The sale of shoes online has come a long way since the dawn of eCommerce – and footwear continues to help drive innovation in the retail space.
The importance of this area of retail was recently underscored by a move involving a Google veteran. Former Google exec Alessandra Domizi will take the digital helm of Italian shoe and leather company Tod’s on Oct. 14, Reuters reported about a week ago. Domizi, previously fashion and retail lead at Google, will develop Tod’s digital communication and online sales, a key component of the brand’s new “Factory” business model. Headquartered in Marche, Italy, Tod’s said it appointed Domizi as its chief digital and innovation officer in a bid to streamline the company’s ongoing digital transformation.
Digital communication and online sales are a pillar of Tod’s new business model, aimed at attracting younger luxury shoppers. Dubbed Tod’s Factory, the new strategy was launched in late 2017 to reverse falling sales and refresh the group’s namesake brand. It offers new products and more frequent collections, backed by significant marketing investment.
The Right Fit
But that’s not all that’s happening in the brave new world of footwear, one of the most robust areas of retail.
The challenges of finding the right fit motivated Shamil Hargovan to create a new experience for consumers to purchase customized insoles. Instead of forcing them to leave the house to visit a doctor or a store, Hargovan helped to build a system that allows consumers to scan their feet from their smartphones for a custom fitting. They can then order the insoles from the app.
The advantages? “You can buy as many pairs as you want,” Wiivv CEO and Co-Founder Hargovan told PYMNTS in an interview. “[And] you can scan yourself from the convenience of your living room.”
Here’s how the service works: Consumers download Wiivv’s app and then take four pictures: two of the top of their feet and two of the sides of their feet. “That gives us all the data we need to make a custom insole for your foot,” Hargovan said.
Recent innovations in footwear have also come from direct-to-consumer (DTC) shoe brand Atoms. The company, which offers sizes in quarters instead of halves and also lets customers buy different sizes for each foot, has raised $8.1 million in a Series A funding round.
Atoms said offering shoes in quarter sizes instead of regular sizes wasn’t as hard to accomplish as people might think. “We thought it would be challenging, and it wasn’t unchallenging, but the good thing was that many manufacturers were already starting to think about this,” noted CEO Waqas Ali. “Think about it – there has been almost no innovation in shoe-making in the last 30 or 40 years.”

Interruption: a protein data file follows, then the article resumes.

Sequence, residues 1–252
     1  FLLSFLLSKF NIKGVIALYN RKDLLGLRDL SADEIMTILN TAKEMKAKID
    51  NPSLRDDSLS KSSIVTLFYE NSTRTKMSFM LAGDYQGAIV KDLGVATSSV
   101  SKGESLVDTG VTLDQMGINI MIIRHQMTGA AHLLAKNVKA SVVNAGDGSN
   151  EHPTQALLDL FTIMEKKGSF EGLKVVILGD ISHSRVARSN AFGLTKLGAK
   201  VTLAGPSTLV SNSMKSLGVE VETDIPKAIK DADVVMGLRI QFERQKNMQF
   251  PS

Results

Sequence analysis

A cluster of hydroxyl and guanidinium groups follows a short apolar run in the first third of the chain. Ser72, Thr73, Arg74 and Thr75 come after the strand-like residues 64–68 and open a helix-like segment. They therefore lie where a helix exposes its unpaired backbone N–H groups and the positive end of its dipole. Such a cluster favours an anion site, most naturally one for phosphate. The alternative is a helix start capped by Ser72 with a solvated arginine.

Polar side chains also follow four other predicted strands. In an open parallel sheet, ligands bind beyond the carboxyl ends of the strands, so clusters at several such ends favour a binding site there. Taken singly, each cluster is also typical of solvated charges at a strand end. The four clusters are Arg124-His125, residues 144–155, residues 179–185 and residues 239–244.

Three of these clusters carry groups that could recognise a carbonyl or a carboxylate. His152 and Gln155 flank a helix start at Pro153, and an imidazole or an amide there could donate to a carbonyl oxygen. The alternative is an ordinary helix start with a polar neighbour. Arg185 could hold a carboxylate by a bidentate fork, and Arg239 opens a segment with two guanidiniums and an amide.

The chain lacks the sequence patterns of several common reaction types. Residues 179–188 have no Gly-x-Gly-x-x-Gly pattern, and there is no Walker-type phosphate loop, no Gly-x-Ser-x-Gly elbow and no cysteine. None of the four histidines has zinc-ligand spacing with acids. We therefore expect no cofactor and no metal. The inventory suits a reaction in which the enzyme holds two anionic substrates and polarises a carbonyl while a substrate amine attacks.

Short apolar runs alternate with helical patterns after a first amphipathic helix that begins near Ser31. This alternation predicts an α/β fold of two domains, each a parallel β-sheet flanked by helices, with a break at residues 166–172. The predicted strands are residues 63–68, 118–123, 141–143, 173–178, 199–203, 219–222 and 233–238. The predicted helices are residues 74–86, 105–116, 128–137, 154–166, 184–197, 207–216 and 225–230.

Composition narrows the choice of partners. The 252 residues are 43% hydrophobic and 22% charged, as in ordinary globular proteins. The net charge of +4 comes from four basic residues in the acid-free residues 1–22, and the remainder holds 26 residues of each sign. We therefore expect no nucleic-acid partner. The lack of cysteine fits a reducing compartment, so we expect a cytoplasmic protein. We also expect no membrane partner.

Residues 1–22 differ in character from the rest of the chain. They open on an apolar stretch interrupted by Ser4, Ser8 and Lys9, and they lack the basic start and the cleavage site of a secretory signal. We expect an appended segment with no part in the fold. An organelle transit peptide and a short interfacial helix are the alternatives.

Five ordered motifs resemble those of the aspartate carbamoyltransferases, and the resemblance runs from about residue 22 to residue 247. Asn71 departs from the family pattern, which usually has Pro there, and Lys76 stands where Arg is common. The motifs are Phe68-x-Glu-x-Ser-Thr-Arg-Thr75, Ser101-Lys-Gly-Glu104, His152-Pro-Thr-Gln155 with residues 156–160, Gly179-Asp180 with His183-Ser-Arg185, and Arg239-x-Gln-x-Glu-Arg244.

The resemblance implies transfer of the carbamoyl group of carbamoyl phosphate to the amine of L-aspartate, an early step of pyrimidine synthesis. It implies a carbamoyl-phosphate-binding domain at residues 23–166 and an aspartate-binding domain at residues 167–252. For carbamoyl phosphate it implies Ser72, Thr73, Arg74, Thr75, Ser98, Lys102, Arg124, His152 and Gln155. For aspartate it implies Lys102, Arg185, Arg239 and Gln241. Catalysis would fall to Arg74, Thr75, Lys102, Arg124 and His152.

Nike and Voice
The hot area of voice retail is also playing a role in shoe commerce, and likely will grow further during the holiday shopping season and beyond. Nike’s new Adapt Huarache shoes work with voice commands on Siri and Apple Watch, allowing owners to adjust the fit and lace and unlace their sneakers.
This redesign of the 1991 Nike Huarache uses FitAdapt self-lacing technology, similar to the Nike Adapt BB shoes that were announced in January. The latest iteration of FitAdapt allows for more personal preferences, environments and situations.
The new shoes have various presets for the optimal fit for different foot types and activities, which are chosen by selecting an LED light on the sole. They feature the same neoprene bootie and supportive exoskeleton as found in the original 1991 Air Huaraches. The technology is controlled by a multi-faceted Nike Adapt app and runs from a midfoot motor, the company said in a blog post.
Nike also launched Nike Fit in North America, a new service within its app that will scan users’ feet to determine their correct shoe size. The company said it sees a real need for the service, because at any given time, 60 percent of consumers are wearing the wrong shoe size, which can lead to discomfort and even injury. The service launched in the U.S. in May and reached Europe this month. It is available within Nike’s mobile app and in its stores.
Customers can scan their feet using a smartphone at home, then will receive precise shoe recommendations down to the millimeter. In addition to helping its customers find the right fit, Nike plans to use the data from the Nike Fit scans to stock a better mix of sizes at its stores.
Look for more innovation and disruption in this area of retail in the months to come.